My studio is a humble corner of my room. Ideally, my studio would be a beautiful old warehouse with skylights. But, temporarily, it’s a large brown rug I got from Ikea in one corner of a room, atop which sits my drafting table, chair, and other such artsy things. I share it with spiders and ants, since I guess my place is pretty old and has lots of nooks and crannies. I like listening to podcasts when I work, especially RadioLab and This American Life.
2) How does it differ from your last working area?
My last studio was a different corner of my room. I rearranged my room a few months ago, and decided I could go with a new studio space. So I relocated to another corner, it’s been great!
3) You have other endeavors along with your fine art. Can you talk about what you do there, and how that intertwines with your work?
Besides my paintings, I do a lot of freelance illustrating in a completely different style from my paintings. Mostly, I’ve been getting a lot of work doing illustrations for board games and children’s books. And I enjoy it just as much as working on a painting, but it uses a different part of my brain. And I enjoy the chance to do different kinds of things. I also do some woodworking. I’ve been making wood toys as a side project for the past year or so. I’m really grateful to have the chance to do different art things. I think I’m the kind of person that would feel very stuck if I had to do the same kind of art over and over again.
I’m not sure if there are any deeply significant objects that have helped me, art-wise. But I can tell you what’s currently on the shelf next to my easel: a 1930′s pressed steel toy plane, a vintage IG-88, a Robert Frost collection or two, and an old Stanley No. 5 jack plane. I love all of these things! Actually right now I’m really digging this little postcard that a friend bought me recently. It’s the cover of some obscure old sci-fi novel called, “The Gods Hate Kansas,” and it’s perfect. It has all my favorite things in one painting: guy in space suit with laser gun, space ship, giant beast with glowing eyes, ridiculous title, and the color blue. As far as artists that are important to me as a painter, I’m inspired by the likes of J.C. Leyendecker, Andrew Wyeth, N.C. Wyeth, John Singer Sargent, and Bernie Fuchs, among others. As far as contemporary artists, I really like Sachin Teng and Charlie Immer.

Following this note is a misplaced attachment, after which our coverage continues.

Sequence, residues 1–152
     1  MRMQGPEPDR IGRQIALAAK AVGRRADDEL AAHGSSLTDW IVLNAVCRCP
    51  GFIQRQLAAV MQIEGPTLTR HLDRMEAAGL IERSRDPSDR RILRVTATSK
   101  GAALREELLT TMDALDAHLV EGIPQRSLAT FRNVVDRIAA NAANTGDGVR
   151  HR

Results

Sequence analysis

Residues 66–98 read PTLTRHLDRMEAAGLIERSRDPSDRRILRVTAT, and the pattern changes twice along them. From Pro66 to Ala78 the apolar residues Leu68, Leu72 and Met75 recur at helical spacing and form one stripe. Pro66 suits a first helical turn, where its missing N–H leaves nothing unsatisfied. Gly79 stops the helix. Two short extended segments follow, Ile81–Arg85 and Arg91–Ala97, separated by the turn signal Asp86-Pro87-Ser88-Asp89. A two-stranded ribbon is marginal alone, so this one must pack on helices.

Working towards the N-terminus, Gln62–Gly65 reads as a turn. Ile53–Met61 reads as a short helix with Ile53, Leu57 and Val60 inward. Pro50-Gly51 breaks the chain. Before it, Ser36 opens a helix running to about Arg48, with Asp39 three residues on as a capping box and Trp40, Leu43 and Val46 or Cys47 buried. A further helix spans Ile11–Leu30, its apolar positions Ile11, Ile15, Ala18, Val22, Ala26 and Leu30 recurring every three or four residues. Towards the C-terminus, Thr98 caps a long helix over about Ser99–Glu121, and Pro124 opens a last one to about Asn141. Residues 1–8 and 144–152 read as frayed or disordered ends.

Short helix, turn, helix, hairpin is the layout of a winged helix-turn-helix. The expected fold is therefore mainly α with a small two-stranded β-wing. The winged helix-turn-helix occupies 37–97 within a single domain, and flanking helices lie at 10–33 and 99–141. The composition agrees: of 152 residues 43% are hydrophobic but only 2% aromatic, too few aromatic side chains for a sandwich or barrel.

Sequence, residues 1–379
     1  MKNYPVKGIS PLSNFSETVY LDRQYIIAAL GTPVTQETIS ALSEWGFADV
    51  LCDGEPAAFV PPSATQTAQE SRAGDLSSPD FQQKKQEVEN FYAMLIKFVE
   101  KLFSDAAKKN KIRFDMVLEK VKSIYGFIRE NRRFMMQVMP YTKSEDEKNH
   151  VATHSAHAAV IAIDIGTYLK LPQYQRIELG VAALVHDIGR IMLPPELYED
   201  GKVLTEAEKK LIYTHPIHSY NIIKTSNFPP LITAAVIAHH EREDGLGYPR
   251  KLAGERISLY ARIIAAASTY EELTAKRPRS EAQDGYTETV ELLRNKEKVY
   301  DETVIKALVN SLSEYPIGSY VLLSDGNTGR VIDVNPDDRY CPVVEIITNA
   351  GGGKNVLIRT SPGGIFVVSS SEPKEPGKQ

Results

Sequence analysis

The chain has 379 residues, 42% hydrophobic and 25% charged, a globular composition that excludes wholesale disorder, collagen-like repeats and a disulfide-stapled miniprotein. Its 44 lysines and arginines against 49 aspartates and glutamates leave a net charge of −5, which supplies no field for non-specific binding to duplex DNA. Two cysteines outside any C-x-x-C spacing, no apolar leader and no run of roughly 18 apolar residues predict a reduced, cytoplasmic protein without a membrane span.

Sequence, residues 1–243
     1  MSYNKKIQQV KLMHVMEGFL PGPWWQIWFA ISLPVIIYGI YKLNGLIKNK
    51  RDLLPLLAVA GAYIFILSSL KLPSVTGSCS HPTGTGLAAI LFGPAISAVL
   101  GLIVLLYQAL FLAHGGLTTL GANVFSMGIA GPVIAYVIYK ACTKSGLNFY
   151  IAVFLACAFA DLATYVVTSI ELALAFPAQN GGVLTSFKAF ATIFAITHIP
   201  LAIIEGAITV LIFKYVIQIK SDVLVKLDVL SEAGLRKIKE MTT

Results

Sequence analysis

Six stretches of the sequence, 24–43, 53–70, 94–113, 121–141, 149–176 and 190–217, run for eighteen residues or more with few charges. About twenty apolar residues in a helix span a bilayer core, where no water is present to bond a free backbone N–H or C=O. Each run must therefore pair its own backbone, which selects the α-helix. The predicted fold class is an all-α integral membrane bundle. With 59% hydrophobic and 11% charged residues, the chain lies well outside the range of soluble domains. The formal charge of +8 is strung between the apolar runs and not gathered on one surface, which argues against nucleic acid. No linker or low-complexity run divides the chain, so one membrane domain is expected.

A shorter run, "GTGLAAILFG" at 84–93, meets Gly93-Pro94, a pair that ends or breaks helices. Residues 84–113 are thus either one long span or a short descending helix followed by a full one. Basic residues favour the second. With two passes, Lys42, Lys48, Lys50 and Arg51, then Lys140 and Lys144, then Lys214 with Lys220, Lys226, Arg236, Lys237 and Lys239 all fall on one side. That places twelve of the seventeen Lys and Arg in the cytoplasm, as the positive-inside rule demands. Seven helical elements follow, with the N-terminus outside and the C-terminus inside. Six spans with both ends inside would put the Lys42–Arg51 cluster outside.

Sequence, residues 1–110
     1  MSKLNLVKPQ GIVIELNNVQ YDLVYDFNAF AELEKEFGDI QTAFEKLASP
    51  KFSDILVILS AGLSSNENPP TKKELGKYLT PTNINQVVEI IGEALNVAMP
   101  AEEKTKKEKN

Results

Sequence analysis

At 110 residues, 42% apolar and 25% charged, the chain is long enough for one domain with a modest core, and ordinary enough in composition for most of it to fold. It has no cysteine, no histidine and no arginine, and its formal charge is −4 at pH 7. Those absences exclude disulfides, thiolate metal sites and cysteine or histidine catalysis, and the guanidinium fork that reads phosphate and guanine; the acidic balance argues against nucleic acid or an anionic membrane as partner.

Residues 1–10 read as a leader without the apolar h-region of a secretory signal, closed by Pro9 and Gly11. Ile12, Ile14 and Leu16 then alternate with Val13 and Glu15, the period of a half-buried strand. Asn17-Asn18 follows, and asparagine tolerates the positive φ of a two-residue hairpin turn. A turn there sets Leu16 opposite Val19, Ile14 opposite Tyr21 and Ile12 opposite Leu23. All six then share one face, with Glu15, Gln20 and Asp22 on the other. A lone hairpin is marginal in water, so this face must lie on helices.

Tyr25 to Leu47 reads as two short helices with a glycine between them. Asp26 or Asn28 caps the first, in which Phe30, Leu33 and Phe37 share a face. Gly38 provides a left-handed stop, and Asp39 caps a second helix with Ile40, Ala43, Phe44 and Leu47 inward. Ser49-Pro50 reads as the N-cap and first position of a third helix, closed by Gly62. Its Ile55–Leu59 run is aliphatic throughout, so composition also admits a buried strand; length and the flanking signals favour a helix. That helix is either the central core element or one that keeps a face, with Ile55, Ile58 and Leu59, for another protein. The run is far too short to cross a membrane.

5) What have been the biggest obstacles in your art career development and how did you get through them?
I think the biggest obstacle for me has been my own fear of failure. It can really grind on you. Of course, school loans and the cost of living can be a source of constant sorrow. But that’s secondary to the mental blocks you can run in to. I’ve had to learn to just let go of this innate drive to “succeed,” and learn how to take my art life one project at a time, giving each project, each painting, real attention and love. I’ve got a lot to be grateful for if I just look back on where I’ve come from.